Combo pills do not save patients money

Many prescription medicines are actually two or more medicines combined into one pill or package. True, this packaging is convenient– but you can often save money by buying your medicine as its separate components. Let’s look at some examples:

Lotrel blood pressure pills. This is actually a combination of two blood pressure medicines: amlodipine and benazapril. Lotrel, the combo pill, is available in a generic form, as are it’s two individual ingredients.

However, the pricing works out as follows (Costco prices):

Lotrel 10/20 (generic), 30 tabs: $70

VS

Amlodipine 10 mg, 30 tabs: $6

Benazepril 20 mg, 30 tabs: $6

Total: $12

I am really not sure the reason for this price disparity but I have some inklings.

I know that Big Pharma (BP) releases their combo products long after the original medication has been released. Usually by adding a little bit of diuretic, or in this case the amlodipine, a calcium channel blocker. This enables BP to get a brand new patent for these combo pills. So they are able to keep the combo pill price high long after the individual ingredient prices go generic and become much cheaper.

In the case of Lotrel, while the combo pill is also technically generic, its makers may be enjoying the one year manufacturing exclusivity that keeps generic prices initially high. Or it may be an expensive manufacturing process– but why pay for that?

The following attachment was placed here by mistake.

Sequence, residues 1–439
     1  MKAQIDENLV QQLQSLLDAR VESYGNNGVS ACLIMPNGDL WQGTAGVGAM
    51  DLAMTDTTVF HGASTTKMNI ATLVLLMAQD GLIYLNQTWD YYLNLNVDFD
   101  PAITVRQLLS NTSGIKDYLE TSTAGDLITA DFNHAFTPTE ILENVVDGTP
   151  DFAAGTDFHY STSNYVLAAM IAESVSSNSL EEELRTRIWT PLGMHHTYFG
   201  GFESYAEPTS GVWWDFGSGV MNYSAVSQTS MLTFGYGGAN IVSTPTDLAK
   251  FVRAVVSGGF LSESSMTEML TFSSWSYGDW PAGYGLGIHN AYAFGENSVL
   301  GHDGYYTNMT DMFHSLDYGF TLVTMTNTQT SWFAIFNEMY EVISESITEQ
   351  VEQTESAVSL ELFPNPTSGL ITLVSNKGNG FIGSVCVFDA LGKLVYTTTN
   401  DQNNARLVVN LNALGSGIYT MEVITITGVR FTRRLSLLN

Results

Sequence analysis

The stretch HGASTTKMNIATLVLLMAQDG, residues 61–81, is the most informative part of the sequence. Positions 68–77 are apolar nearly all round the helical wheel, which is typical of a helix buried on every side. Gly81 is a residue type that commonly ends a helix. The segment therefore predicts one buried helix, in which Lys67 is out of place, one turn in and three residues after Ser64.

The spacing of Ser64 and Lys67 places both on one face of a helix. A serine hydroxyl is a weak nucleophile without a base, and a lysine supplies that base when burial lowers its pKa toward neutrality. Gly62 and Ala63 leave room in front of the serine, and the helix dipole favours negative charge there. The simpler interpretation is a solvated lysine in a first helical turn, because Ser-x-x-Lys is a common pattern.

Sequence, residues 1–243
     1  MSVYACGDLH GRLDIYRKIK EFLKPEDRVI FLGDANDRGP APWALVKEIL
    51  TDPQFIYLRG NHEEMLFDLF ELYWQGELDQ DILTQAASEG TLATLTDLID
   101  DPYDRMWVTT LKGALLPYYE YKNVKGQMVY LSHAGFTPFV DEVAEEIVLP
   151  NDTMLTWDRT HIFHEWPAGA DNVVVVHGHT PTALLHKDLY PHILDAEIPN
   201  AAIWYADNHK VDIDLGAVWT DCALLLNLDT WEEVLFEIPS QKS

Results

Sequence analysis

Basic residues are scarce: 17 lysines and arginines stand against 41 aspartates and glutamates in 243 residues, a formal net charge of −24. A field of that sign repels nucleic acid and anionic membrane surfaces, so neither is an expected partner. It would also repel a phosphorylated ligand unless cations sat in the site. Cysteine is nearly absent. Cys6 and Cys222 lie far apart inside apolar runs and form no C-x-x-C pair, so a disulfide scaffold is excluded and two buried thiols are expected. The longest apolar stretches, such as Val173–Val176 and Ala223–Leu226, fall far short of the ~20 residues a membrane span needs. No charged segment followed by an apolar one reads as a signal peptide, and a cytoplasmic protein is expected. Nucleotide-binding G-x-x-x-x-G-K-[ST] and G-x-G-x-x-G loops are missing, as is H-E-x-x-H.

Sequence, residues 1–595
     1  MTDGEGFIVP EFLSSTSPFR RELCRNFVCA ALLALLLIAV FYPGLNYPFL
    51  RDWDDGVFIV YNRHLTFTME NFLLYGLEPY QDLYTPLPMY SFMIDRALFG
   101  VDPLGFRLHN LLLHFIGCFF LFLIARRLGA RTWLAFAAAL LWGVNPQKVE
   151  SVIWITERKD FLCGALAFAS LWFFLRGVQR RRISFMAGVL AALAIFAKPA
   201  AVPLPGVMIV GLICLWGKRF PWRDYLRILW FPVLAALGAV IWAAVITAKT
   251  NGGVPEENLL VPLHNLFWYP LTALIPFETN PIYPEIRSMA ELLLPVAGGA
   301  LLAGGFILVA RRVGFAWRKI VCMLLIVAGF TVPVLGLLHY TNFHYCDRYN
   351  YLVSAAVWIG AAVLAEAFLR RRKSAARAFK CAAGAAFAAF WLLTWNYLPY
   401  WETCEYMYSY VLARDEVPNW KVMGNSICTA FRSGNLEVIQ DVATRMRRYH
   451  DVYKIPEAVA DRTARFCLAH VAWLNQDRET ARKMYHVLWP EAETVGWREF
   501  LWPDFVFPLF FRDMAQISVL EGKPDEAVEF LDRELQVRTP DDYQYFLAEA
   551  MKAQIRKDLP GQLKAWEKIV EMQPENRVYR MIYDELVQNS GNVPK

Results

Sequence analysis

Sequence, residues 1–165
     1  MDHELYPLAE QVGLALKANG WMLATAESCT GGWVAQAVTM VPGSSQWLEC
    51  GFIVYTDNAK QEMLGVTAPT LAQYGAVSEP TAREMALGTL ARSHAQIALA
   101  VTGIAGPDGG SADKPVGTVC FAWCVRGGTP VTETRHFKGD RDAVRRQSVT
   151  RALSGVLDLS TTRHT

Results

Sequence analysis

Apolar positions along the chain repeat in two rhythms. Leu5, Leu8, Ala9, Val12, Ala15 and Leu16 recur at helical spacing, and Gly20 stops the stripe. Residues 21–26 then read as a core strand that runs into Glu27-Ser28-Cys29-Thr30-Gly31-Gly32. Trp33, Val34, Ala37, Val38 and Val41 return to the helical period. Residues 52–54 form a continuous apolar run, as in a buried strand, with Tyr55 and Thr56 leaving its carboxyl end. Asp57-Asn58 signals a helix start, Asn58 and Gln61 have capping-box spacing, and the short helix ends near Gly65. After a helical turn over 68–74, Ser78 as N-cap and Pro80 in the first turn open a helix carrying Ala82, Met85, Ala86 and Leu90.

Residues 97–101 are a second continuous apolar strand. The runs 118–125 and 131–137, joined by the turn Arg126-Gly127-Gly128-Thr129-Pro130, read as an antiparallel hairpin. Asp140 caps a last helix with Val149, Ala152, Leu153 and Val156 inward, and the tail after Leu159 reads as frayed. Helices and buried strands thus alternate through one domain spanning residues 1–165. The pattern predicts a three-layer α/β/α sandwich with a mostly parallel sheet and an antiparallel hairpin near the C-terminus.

Moving on to my latest favorite outrage:

Prevpac, a treatment for H.pylori. H.pylori is the bacteria that can cause ulcers and gastritis. Prevpacs are a two week treatment course of three different medicines all prepackaged for you. For us docs they are super easy to order. However, Prevpacs are not generic, but the three components of Prevpac ARE available as generic. Let’s look at how the pricing shakes out:

Prevpac, 2 week supply: $396

VS

amoxicillin 500 mg, 4 tabs x 2 weeks- $8

clarithromycin 500 mg, 2 tabs x 2 weeks- $17

lansoprazole 30 mg, 2 tabs x 2 weeks- $63

Total of the three components: $88

These are just two examples of how buying prescriptions “a la carte” saves you big money over medicine “combo platters”. Ask your doctor if you are on any of these combination treatments and see if there might be a cheaper alternative.

Leslie Ramirez is an internal medicine physician and founder of Leslie’s List, which provides information that enables all patients, but especially the uninsured and underinsured, to find more affordable medications and health care services.

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